Page last updated at 17:05 GMT, Wednesday, 18 April 2012 18:05 UK
MSPs unanimously backed the legislative consent motion (LCM) for the Scotland Bill after a debate on 18 April 2012.
Parliamentary Business and Government Strategy Secretary Bruce Crawford called on the parliament to back the LCM when he opened the debate but said the bill was a "missed opportunity" and it had been "bypassed by history and events".
Mr Crawford said the Scottish government stood in the election in May 2011 on a clear programme of improvements to the Scotland bill, but this had fallen on the "stony ground" of the anti-independence parties.
The minister said "important changes" had been made to the bill which had removed any potential for harm to the Scottish Parliament and the people of Scotland.
Holyrood will be given new income tax and borrowing powers as part of a deal struck between the Scottish and UK governments.
It has also been agreed that the role of the UK Supreme Court in Scots law will be reviewed.
Scottish Labour MSP James Kelly said the bill had produced a "substantial package of measures" that should be welcomed by the parliament.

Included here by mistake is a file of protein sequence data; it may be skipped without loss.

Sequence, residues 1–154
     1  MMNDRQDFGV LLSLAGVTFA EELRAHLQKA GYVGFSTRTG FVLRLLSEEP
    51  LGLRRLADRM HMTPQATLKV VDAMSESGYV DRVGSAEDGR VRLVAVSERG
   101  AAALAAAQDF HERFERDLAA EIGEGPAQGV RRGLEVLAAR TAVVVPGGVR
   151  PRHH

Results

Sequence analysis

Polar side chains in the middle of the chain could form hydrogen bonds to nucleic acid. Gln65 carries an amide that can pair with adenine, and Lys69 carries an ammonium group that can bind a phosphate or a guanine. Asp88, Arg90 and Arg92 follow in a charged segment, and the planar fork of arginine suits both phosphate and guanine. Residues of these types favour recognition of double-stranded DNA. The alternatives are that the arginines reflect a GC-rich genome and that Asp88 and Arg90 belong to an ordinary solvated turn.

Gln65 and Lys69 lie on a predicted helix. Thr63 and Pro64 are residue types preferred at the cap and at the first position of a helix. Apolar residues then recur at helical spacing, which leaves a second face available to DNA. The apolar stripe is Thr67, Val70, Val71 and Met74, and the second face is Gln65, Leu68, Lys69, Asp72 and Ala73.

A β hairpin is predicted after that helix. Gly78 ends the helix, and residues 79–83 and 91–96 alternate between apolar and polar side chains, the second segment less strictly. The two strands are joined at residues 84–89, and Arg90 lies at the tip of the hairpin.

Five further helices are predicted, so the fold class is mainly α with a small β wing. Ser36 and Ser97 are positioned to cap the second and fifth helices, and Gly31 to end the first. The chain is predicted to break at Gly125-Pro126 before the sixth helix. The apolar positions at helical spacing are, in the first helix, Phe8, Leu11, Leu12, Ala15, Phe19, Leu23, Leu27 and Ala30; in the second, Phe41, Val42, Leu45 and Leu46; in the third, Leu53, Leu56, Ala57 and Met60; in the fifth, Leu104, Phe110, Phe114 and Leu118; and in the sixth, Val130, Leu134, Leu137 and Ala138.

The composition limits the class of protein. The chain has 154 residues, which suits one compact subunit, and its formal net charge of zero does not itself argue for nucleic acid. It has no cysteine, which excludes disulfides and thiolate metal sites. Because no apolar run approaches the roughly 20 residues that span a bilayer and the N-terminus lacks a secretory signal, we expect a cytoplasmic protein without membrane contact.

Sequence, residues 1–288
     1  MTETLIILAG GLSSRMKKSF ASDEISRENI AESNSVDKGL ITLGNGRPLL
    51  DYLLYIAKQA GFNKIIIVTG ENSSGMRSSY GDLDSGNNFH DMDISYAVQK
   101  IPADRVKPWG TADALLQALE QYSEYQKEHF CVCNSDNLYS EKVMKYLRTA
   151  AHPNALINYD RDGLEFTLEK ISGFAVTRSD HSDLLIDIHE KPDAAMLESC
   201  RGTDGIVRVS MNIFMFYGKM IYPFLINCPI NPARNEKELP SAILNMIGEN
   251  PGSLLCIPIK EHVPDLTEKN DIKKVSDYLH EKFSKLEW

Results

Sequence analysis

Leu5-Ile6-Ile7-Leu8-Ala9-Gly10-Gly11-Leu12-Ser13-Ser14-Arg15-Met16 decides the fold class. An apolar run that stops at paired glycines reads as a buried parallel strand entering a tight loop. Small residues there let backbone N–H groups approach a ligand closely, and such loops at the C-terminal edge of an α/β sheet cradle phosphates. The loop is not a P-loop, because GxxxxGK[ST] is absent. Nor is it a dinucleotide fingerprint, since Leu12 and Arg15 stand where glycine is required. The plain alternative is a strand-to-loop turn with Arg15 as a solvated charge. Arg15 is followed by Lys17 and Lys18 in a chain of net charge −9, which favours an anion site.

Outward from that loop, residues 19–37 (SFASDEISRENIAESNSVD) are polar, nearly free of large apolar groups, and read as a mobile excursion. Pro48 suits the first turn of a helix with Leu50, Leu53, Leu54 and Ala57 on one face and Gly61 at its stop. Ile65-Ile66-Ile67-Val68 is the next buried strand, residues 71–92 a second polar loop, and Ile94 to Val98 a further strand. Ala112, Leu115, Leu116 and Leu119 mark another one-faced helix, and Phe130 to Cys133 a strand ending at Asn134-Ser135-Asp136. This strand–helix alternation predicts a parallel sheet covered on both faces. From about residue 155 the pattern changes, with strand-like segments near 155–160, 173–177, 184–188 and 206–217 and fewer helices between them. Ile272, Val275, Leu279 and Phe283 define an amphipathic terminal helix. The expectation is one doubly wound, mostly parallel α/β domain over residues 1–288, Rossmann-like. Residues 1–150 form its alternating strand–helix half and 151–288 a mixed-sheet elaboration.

Mr Kelly said the changes to income tax would ensure fiscal responsibility was attached to the parliament and make MSPs more accountable.
He said support for the initial proposals in the Scotland Bill were described by Finance Secretary John Swinney as a poison pill and the subsequent "clarion call" from the first minister on six demands to be included in the bill "melted away to a damp squib".
David McLetchie, the Scottish Conservative MSP said the Scottish government's LCM could be viewed as a "humiliating climbdown or a tactical retreat, or perhaps a mixture of both".
The Scottish Liberal Democrat leader Willie Rennie said the legislation was a "significant step forward" which for the Liberal Democrats was towards a home rule parliament for Scotland within the UK.
The second part of the debate can be viewed below:
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